When Absher started playing in clubs after high school, he joined other bands in Tulsa. He loved being part of a team, but his singing voice demanded a spotlight: Honeyed but sometimes gut-wrenchingly haggard like only a soul shouter’s croon can be, Absher’s vocals coupled with his tasteful electric playing made him a favorite front man in the vibrant Tulsa music scene throughout the 80s and 90s. A move to Houston turned into a 15-year detour––and the conquering of another regional circuit. In 2013 and again in 2014, Absher was the city’s International Blues Challenge Regional Winner. He went on to represent Houston at the prestigious IBCs in Memphis, where he competed against hundreds of bands from across the globe. Absher and his then-band Swamp Royale were finalists that year, making their Houston fans proud and opening up a new fan base that spread beyond the Gulf Coast.
Today, back in Tulsa, Absher is reconnecting to his roots––and discovering just how much of an impact he made there two decades ago. Young musicians now swap stories about sneaking into Brad Absher shows. “It’s wild, hearing that––being the old guy now,” Absher says with a laugh. “I like it.
Tulsa Tea is the work of a budding elder statesman with compelling––sometimes urgent––things to say. Album opener “Be the Love” is tender encouragement with B3 and horns. “Man, I’d hate to be a kid right now––there’s so much pain, and everybody hates everybody else,” Absher says. “I tried to write this one like I was talking to a child.”
“Neutral Ground” is a boozy, big-hearted plea for loving compromise, definitively set in New Orleans. Committed partners trying to hash it out is a thread woven throughout the record. A chorus of saxophones kicks off Absher’s version of the Iguanas’ “So Tired,” a moody back-and-forth that captures the longing and sheer exhaustion of lovers trying to give each other what they need, while “Turn It Up” is a sultry celebration featuring sublime guest vocals from Tulsa powerhouse Briana Wright.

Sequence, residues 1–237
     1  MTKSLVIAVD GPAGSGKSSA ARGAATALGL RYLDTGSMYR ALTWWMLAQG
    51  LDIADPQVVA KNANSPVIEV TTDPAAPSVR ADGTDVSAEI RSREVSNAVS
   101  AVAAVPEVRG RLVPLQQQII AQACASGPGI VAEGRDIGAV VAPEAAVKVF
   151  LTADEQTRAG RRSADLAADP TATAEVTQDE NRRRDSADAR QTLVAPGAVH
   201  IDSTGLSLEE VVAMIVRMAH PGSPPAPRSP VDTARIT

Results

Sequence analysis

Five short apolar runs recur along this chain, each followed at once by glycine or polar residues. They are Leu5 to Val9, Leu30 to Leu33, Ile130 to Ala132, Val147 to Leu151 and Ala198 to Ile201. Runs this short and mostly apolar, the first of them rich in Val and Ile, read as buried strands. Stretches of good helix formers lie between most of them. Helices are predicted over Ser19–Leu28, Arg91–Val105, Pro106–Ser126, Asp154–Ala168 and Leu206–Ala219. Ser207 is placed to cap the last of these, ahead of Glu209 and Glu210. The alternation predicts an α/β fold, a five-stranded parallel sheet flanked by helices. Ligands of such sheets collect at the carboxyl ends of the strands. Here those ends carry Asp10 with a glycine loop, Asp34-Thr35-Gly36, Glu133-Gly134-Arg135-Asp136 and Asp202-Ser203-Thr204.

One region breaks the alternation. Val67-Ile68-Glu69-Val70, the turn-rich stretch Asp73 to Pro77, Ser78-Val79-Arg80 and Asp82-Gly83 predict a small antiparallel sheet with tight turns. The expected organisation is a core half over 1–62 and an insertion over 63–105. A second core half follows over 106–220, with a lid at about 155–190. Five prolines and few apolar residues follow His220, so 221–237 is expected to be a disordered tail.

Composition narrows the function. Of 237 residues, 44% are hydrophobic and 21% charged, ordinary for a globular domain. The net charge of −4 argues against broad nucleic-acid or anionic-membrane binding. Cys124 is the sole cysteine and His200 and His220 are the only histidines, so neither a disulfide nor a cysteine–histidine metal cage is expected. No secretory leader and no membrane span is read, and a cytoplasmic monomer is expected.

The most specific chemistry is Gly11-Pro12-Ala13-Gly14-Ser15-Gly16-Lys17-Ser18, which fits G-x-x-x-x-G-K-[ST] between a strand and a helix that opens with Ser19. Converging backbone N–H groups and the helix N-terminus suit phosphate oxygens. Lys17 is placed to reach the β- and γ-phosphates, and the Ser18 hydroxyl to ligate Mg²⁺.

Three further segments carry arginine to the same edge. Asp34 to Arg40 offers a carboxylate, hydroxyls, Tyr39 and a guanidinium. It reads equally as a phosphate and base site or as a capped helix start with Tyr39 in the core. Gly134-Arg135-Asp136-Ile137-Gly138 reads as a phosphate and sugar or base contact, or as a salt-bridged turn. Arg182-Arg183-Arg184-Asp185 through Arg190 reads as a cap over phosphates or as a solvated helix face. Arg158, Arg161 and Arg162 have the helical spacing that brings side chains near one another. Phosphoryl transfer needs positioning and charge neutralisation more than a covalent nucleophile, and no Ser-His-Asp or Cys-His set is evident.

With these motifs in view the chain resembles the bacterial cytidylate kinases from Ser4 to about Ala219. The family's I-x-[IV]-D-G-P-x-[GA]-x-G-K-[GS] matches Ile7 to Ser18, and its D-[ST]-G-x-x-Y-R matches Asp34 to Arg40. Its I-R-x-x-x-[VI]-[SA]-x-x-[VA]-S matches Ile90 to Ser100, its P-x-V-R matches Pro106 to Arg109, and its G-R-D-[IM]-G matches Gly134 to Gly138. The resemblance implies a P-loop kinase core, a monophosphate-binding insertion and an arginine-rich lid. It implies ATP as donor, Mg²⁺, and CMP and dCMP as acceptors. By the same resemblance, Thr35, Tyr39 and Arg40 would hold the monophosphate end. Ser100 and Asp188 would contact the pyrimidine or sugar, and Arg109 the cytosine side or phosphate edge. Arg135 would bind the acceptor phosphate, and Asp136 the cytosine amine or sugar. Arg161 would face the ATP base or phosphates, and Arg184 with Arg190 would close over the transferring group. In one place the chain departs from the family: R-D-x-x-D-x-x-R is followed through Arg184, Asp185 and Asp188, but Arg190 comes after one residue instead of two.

A magnetic waltz that shifts up into a shuffle like an excitable narrator pleading his case, “As Hard As I Can” is a confession and a declaration. Absher points to the track as his favorite on the album. “That’s as good a song as I can write,” he says. “The chord progression, the band, I love it all.”
The world’s current unrest finds its way onto the record, too. Buzzing guitar introduces “Hard Times,” in which Absher takes aim at the new chaos of different facts. “Hard times for the truth,” he growls with distorted incredulity over a crying B3. “Should Be Praying” questions anger and hatred through wailing electric guitar that gives way to a rallying cry: “They got their fist clenched when they should be praying.”
Heartbreaking “Goodbye for Now” is an album standout. Absher wrote the song about his only child, Madison, who died in 2016 at just 24-years-old. “It needed to be done,” Absher says of writing the song. “I did the best I could. I don’t know––I just want her to be proud. It still hurts every day.” The song is stunning: A message of hope and pain, wrapped up in a promise to his daughter.
Absher is easy to believe. In his tightly crafted songs, there is balance that only comes from honesty: Weariness and wonder. Sadness and mischief. “My heart’s on my sleeve––there aren’t a bunch of hidden meanings or anything,” he says. “I always somehow felt that’s what I wanted to do like the blues guys: If I could just play what comes out––yeah. I thought I’d be better off doing that.”